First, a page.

Evictions increase under the Giammattei administration

By Gilberto Escobar 

Evictions of two types have been on the rise in Guatemala over the past two years: legal evictions based on a judicial order, and extrajudicial evictions, which are not based on a judge’s order and take place in the dark hours of night or early dawn. The majority of these evictions are carried out by men wearing ski masks who set fire to everything and flee.

Echoes of Guatemala’s Civil War can be seen in these illegal evictions—violent scenes of men wearing disguises so that nobody knows who they are.

In September 2022 I started following the case of an eviction. I did what we journalists do: I asked questions and investigated. Many questions swirled around my head, and I asked myself who was behind these evictions.

This question led me to continue my investigation. I consulted various specialists. One tole be that evictions are a sign of a failed State: a State that cannot peacefully resolve normal problems and, most importantly, is incapable of meeting the needs of the population.

According to official data from the Ministry of the Interior, 119 legal evictions were registered from January to October 2022. There is no data on extrajudicial evictions.

In the town of El Estor, in Izabal, where many evictions have occurred, the official count for the same 10-month period is only 11.

2022 will go down in history as the year with the most evictions out of the last seven years. On the other hand, 2020 had the fewest registered evictions: only five. But these statistics only count evictions carried out by a judicial order. The others, which are carried out violently, are not quantified.

That the number of evictions is on the rise is no coincidence. Rather, it is a strategy of the business sector and other State institutions who have dedicated themselves to evictions since 2019.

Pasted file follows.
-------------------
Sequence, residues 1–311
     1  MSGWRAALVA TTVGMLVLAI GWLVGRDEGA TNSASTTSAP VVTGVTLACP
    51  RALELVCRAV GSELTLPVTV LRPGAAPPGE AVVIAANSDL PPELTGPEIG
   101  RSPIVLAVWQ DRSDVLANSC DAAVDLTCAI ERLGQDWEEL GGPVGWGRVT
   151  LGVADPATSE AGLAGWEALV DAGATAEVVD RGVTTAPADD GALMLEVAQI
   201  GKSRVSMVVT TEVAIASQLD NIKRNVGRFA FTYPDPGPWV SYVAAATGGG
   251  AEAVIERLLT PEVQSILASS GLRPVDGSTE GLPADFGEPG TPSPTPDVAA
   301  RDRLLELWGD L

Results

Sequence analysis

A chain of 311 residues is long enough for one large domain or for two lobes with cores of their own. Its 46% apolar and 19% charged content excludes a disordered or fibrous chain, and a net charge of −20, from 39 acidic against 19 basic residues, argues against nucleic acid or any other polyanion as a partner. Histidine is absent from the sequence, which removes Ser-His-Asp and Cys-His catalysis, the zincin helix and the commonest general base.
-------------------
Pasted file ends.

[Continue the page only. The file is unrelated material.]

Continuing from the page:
The Public Ministry, CACIF, and organized crime 

There are three institutions that have been created in the past three years that pay attention to this usurpation, as they call it. Two are from the business sector and one from the State.

First, the Association for the Defense of Private Property (ACDEPRO), which was founded in 2019 by Carlos Torrebiarte. That same year, the Coordinating Committee of Agricultural, Commercial, Industrial, and Financial Associations (CACIF) created the Property Rights Observatory, with the slogan “I’m a Landowner.” The other is the Public Ministry’s Special Prosecutor for Crimes of Usurpation, created in October 2021.

On March 17, 2021, the CACIF and Public Ministry, directed by the Attorney General Consuelo Porras, signed an agreement where both institutions pledged to cooperate on the matter of private property statistics.

But before signing this agreement, CACIF created the Observatory of Property Rights in December 2019 with the goal of monitoring and communicating statistical information on cases where property rights are violated.

The Special Prosecutor for Crimes of Usurpation had more than 800 dossiers of cases of eviction to investigate between October 2021 and November 2022. It also has registered more than 700 complaints between January and October 2022 that are pending investigation.

In the indigenous communities where these evictions are on the rise, there is also a food crisis and other challenges related to rebuilding efforts.

One of the last evictions carried out in 2022 was in the Community of Se’Inup, El Chal, Petén. It was an extrajudicial eviction. 150 armed, masked men entered the house, set it ablaze, and left it to burn down to ashes.

Gilberto Escobar: Journalist. He writes for the digital media No-Ficción and has also published in Prensa Comunitaria and Plaza Pública. His articles focus on community dynamics, evictions, conflicts, and migration.